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he was again in a condition to dispute the field; when the Danish and English nobility, equally harassed with those convulsions, obliged their kings to come to a compromise, and to divide the kingdom between them by treaty. Canute reserved to himself the northern division, consisting of Mercia, East Anglia, and Northumberland, which he had entirely subdued: the southern parts were left to Edmond. This prince survived the treaty about a month : he was murdered at Oxford by two of his chamberlains, accomplices of Edric, who thereby made way for the suecession of Canute the Dane to the crown of England.


THE English, who had been unable to defend their country, and maintain their independency, under so active and brave a prince as Edmond, could, after his death, expect nothing but total subjection from Canute, who, active and brave himself, and at the head of a great force, was ready to take advantage of the minority of Edwin and Edward, the two sons of Edmond. Yet this conqueror, who was commonly so little scrupulous, showed himself anxious to cover his injustice under plausible pretences: before he seized the dominions of the English princes, he summoned a general assembly of the states, in order to fix the succession of the kingdom. He here suborned some nobles to depose that, in the treaty of Glocester, it had been verbally agreed, either to name Canute, in case of Edmond's death, successor to his dominions, or tutor to his children, (for historians vary in this particular :) and that evidence, supported by the great power of Canute, determined the states immediately to put the Danish monarch in possession of the government. Canute, jealous of the two princes, but sensible that he should render himself extremely odious if he ordered them to be despatched in England, sent them abroad to his ally, the king of Sweden, whom he desired, as soon as they arrived at his court, to free him,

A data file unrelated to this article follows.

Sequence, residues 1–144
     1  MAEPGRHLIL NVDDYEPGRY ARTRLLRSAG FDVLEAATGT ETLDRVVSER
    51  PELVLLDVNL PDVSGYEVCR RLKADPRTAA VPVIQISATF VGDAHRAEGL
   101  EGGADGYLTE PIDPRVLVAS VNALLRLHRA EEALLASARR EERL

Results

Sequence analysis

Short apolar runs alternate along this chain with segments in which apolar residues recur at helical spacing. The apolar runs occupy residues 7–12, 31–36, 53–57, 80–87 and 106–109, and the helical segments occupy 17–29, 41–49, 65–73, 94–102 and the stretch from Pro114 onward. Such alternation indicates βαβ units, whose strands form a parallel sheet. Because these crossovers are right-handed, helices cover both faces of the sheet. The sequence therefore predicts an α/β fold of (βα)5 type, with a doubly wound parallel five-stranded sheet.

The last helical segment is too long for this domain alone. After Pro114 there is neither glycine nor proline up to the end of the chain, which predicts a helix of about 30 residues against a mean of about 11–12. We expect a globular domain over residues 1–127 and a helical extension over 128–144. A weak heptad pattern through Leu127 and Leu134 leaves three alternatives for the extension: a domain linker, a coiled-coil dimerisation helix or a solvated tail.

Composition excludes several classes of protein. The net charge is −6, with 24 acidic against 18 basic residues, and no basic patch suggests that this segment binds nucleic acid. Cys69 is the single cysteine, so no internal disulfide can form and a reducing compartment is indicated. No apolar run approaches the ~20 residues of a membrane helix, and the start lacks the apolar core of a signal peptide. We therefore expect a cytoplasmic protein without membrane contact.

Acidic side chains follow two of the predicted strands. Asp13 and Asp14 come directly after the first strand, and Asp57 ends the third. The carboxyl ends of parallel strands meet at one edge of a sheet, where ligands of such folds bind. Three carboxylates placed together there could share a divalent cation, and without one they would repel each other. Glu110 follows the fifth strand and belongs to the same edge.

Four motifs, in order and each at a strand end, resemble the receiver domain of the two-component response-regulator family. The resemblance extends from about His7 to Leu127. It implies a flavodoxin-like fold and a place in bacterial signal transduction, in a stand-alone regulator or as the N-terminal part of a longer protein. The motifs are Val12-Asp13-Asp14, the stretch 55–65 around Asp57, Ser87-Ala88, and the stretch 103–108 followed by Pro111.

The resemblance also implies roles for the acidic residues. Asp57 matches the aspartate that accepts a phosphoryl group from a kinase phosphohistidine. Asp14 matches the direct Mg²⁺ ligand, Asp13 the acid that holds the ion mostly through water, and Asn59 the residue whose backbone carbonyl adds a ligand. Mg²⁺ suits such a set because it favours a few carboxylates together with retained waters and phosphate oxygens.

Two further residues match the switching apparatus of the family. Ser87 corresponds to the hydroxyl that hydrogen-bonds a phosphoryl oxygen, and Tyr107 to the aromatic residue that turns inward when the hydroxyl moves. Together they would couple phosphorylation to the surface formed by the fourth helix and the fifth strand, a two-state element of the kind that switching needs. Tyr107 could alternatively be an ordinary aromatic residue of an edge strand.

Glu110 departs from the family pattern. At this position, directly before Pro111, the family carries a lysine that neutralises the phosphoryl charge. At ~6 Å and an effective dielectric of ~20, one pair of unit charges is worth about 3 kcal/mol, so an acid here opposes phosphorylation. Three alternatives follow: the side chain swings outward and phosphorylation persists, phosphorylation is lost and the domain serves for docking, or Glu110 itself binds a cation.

by their death, from all farther anxiety. The Swedish monarch was too generous to comply with the request; but being afraid of drawing on himself a quarrel with Canute, by protecting the young princes, he sent them to Solomon, king of Hungary, to be educated in his court. The elder, Edwin, was afterwards married to the sister of the king of Hungary; but the English prince dying without issue, Solomon gave his sister-in-law, Agatha, daughter of the emperor Henry the second, in marriage to Edward, the younger brother; and she bore him Edgar Atheling, Margaret, afterwards queen of Scotland, and Christina, who retired into a convent.

Canute, though he had reached the great point of his ambition, in obtaining possession of the English crown, was obliged at first to make great sacrifices to it; and to gratify the chief of the nobility, by bestowing on them the most extensive governments and jurisdictions. He created Thurkill, earl or duke of East Anglia, (for these titles were then nearly of the same import,) Yric of Northumberland, and Edric of Mercia; reserving only to himself the administration of Wessex. But seizing afterwards a favourable opportunity, he expelled Thurkill and Yric from their governments, and banished them the kingdom: he put to death many of the English nobility, on whose fidelity he could not rely, and whom he hated on account of their disloyalty to their native prince. And even the traitor Edric, having had the assurance to reproach him with his services, was condemned to be executed, and his body to be thrown into the Thames; a suitable reward for his multiplied acts of perfidy and rebellion.